Casteel: scout soybeans for compromised root systems, disease pressure
A Purdue University agronomist says the growing season for soybeans has been unusual with both wet and drought conditions.
Shaun Casteel, extension soybean and small grains specialist, says August and September will “make or break” soybean.
“If we don’t get the moisture here in August, we’re going to have a crop that’s just not going to retain as many pods,” he says. “Eventually if we have the heat and the dry conditions, we’re going to start losing leaves and you can’t recover fully from that. We need some good moisture, temperature, and sunlight.
He tells Brownfield farmers should scout for diseases.
“Over the last couple of weeks we’ve had some really dewy mornings and so I know we had a lot of fungicide applications so I would say let’s get out there and be scouting those now and see if we have frogeye leaf spot in particular,” he says. “Take a look 10-14 days after a heavy dew to see if there are any lesions showing up and then let’s get down and count the number of trifoliate nodes to see if we have a good 18-20 nodes, or were those fields some of the ones that got hit with the mid-season wet feet or dry conditions and there are only 14 nodes. This will help you anticipate what’s coming.”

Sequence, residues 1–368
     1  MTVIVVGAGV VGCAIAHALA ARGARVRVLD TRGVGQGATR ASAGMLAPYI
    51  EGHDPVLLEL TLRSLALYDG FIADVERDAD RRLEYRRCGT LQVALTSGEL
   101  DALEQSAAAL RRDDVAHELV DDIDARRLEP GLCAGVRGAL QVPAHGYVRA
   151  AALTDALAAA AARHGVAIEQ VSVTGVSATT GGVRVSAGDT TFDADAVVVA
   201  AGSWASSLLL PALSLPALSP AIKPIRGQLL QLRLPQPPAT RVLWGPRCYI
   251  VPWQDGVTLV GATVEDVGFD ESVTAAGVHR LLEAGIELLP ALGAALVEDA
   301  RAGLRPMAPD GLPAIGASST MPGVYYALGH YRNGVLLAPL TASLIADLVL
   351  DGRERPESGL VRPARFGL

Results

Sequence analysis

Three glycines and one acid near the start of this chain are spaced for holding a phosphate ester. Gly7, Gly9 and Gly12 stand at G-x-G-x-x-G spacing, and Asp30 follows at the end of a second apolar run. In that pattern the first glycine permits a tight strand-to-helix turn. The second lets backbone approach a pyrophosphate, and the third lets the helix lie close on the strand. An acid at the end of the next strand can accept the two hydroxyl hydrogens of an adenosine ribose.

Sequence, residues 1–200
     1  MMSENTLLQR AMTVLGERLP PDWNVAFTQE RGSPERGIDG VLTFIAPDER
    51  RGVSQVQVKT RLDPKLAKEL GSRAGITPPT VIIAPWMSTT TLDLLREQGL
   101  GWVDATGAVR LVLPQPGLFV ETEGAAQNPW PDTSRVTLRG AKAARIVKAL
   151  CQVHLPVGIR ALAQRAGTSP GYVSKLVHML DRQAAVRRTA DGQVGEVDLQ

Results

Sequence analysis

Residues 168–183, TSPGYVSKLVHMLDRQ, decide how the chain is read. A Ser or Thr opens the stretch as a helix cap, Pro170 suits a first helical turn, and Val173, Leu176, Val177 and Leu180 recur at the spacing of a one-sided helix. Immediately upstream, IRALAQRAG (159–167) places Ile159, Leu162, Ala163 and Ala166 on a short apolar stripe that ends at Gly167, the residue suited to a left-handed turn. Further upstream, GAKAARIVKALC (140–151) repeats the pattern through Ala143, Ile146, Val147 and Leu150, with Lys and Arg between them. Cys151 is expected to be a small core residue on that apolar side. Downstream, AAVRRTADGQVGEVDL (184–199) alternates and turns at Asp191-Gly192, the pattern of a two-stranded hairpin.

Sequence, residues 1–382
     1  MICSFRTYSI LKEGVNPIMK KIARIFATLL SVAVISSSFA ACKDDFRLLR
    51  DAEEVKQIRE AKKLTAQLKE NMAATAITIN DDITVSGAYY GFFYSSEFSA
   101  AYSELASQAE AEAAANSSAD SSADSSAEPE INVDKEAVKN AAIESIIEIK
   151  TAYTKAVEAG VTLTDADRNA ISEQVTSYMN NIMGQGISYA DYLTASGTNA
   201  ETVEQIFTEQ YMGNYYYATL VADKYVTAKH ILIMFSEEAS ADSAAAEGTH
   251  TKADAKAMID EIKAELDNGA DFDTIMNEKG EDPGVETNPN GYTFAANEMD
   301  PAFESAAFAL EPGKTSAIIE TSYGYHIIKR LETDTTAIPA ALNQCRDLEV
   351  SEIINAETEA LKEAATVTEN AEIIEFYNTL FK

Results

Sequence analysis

Casteel says he’s seeing some “highlighter green” soybeans with compromised root systems, and the next 40 days will be critical for yield development.
Brownfield interviewed Casteel during the recent Purdue panel at the Indiana State Fair.